Integrating social media services in your website design is vital if you want to make it easy for readers to share your content. While some users are happy with the social media buttons that come built into their design template, the majority of WordPress users install a plugin to automatically embed sharing links on their pages. Many of you will find that a plugin does exactly what you need; others not so much. Some are poorly coded, and most include services that you just don’t need. And while some great social media plugins are out there, they don’t integrate with every WordPress design. http://tpt.to/a2gX373
As valuable as it may be to peel back the layers of a poorly put-together list of social business ROI examples, let’s now talk about how to do it right. Below is a quick 5-step guide in case you ever want to publish your own report or list of social business ROI examples: http://tpt.to/a2gj1bj
Any brand with its own Facebook page has likely run into some sort of negative commentary, and we can never get enough advice on how to address this in social media.
So we appreciate the following suggestions from analytics platform KissMetrics on how to create something positive out of the negative.
Kissmetrics recommends constantly monitoring brands’ Facebook pages to nip any negativity in the bud before it spreads: http://tpt.to/a2ggQq9
Brian Carter is author of The Like Economy: How Businesses Make Money With Facebook and co-author of Facebook Marketing: Leveraging Facebook’s Features For Your Marketing Campaigns. He is a keynote speaker, trainer and consultant.
Facebook, with its 800+ million users, presents a huge opportunity for business. But the first question people ask is, “Can it really generate money?”
If you’ve read any of the Facebook marketing case studies over the last year, you’ve seen examples of small business profits and boosts in ecommerce sales via Facebook sharing.
If your business is ready to move toward Facebook profits, your next question should be: “What distinguishes profitable and unprofitable Facebook marketing campaigns?”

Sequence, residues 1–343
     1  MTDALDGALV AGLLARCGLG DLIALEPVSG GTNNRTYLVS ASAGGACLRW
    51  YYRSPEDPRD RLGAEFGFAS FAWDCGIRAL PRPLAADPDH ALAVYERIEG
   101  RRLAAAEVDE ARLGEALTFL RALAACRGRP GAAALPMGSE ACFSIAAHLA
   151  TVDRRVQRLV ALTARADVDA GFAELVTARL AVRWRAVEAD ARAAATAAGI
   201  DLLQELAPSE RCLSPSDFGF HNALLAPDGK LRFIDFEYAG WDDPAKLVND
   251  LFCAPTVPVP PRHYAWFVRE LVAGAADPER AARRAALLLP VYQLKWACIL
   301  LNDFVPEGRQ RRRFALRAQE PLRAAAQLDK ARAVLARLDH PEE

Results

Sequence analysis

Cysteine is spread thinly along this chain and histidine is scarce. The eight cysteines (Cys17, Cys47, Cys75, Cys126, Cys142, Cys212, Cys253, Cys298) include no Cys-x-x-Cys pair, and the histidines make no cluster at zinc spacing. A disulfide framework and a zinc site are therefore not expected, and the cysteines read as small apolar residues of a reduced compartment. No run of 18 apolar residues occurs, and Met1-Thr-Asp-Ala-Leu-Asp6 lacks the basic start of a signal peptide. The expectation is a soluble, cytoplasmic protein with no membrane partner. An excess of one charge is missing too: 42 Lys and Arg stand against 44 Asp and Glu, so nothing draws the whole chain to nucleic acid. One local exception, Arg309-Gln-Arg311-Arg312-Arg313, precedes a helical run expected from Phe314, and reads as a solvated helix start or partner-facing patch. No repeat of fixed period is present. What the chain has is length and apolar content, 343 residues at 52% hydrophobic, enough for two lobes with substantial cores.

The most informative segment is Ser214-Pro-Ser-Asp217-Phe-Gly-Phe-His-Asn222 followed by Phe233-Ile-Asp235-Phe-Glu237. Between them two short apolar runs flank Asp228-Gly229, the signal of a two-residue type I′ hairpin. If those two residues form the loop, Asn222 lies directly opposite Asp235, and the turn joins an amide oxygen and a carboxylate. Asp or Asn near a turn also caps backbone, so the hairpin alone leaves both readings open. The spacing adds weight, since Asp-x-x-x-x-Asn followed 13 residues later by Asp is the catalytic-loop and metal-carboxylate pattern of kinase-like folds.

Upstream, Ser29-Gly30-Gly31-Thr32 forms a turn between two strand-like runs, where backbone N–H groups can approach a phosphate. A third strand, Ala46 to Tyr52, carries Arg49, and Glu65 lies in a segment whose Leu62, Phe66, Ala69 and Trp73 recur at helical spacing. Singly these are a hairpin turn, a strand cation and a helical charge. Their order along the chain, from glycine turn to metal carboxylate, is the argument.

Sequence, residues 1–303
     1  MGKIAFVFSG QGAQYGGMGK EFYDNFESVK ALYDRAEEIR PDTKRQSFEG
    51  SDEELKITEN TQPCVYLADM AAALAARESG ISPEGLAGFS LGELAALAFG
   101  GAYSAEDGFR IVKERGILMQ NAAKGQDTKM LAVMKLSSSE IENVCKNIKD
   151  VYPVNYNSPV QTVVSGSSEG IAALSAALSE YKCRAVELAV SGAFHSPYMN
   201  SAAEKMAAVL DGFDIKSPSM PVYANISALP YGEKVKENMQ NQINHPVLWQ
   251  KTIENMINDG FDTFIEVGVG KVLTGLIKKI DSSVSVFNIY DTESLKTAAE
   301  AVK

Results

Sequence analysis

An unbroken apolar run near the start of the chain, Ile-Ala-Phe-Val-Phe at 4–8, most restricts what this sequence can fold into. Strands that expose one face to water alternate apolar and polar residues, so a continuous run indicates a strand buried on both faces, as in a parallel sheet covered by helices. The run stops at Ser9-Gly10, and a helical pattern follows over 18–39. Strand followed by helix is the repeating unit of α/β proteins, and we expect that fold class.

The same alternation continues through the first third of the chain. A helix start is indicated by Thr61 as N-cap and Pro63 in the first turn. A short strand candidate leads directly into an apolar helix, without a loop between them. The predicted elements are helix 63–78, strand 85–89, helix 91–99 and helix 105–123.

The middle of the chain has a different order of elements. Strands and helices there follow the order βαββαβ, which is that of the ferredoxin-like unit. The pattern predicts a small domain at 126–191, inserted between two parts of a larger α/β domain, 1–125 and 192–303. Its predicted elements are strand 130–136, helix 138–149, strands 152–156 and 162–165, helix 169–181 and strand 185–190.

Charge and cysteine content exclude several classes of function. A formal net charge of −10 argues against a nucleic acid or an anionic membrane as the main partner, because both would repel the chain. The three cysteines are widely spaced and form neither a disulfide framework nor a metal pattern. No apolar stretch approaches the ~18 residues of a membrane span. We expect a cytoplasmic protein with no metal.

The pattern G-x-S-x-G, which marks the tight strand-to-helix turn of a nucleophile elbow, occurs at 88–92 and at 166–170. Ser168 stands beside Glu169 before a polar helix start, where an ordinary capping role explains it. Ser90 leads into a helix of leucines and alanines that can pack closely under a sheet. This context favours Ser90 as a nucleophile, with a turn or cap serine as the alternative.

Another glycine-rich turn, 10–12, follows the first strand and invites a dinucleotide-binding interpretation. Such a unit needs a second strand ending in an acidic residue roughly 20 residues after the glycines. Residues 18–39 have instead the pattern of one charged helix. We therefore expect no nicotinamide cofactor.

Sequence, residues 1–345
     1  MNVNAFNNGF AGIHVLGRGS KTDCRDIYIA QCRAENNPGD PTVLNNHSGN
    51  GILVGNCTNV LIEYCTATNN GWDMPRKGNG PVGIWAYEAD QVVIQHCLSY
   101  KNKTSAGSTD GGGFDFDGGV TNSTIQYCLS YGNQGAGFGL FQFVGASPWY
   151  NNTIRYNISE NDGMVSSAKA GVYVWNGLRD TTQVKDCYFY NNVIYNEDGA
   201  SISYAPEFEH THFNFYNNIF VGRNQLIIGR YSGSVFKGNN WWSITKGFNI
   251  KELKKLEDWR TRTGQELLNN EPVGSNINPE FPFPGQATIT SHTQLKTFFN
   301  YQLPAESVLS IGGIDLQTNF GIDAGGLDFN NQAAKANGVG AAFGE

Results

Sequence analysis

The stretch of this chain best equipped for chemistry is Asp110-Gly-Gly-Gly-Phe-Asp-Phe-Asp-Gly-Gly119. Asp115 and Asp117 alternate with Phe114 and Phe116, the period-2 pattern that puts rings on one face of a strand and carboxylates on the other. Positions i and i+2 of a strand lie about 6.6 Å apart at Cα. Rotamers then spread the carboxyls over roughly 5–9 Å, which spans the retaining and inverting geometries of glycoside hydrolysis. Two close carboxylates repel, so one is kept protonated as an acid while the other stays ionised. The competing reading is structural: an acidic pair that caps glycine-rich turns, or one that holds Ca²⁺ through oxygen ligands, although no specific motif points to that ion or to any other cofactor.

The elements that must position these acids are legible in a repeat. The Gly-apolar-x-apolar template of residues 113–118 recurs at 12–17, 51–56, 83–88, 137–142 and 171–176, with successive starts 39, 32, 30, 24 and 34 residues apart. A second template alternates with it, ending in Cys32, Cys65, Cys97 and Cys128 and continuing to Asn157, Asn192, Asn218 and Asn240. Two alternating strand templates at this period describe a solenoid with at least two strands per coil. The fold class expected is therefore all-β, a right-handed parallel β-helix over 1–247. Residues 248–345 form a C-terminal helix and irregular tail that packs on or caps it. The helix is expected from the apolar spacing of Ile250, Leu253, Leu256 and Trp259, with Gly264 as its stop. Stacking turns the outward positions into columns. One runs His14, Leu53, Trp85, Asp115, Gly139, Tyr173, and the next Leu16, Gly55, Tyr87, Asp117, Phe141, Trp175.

First, consider your revenue model. What steps will get your users to buy? How do you attract their attention in the first place? What does the conversion funnel look like? And how does Facebook fit with the marketing channels that already work for you, like email, text messages and affiliate revenue?
There are a number of strategies companies use to do Facebook business effectively. Let’s look at five of them. http://tpt.to/a2gjG71
One of the hardest things to do when starting out as a designer is to get your name and work out into the world. It can be an intimidating feat, as more designers are popping up all over the globe, but here are a few things you can do to get people interested in your work http://tpt.to/a2fpf3V
You’ve heard the horror stories: a job applicant gets turned down because his potential employer discovered his objectionable tweets, or saw pictures of his keg party on Facebook. There is a lot of advice out there about keeping your online activity from hurting your career. But there’s a flip side. When handled correctly, social media can help you professionally. You can use it to enhance your personal brand, establish yourself as an expert in a field, or demonstrate fluency with all things digital. The key is to be proactive about managing your activity and image. http://tpt.to/a2dlC5X
How can a business of any size stand out and profit in an @anywhere world? It’s all about currency. Brand Social Currency, that is. Vivaldi Partners, an international brand consultancy, just put out its Social Currency 100, which ranks the social branding efforts of companies across the Americas, Europe, and Asia. From cars to confections, luxury goods to toys, the firm compiled a list of campaigns that made their mark on the web, social networks, mobile or location-based platforms, microsites, or even in print, over the past three years.
Vivaldi Partners has been tracking social currency for a while. Fast Company reported on its inaugural study in 2010 that measured the value of brand assets in the shifting marketplace.
Vivaldi Partners’ methodology was developed in conjunction with MIT Sloan statisticians and Lightspeed Research and is made up of six key dimensions: Utility; Affiliation; Identity; Conversation; Advocacy; and Information. Likewise, the Social Currency 100+ ranks based on that “social six” criteria. The research shows that social currency translates to greater loyalty–and a willingness to pay premium prices for their products.
Here are five takeaway lessons from the brands that made the list: http://tpt.to/a2dl9zg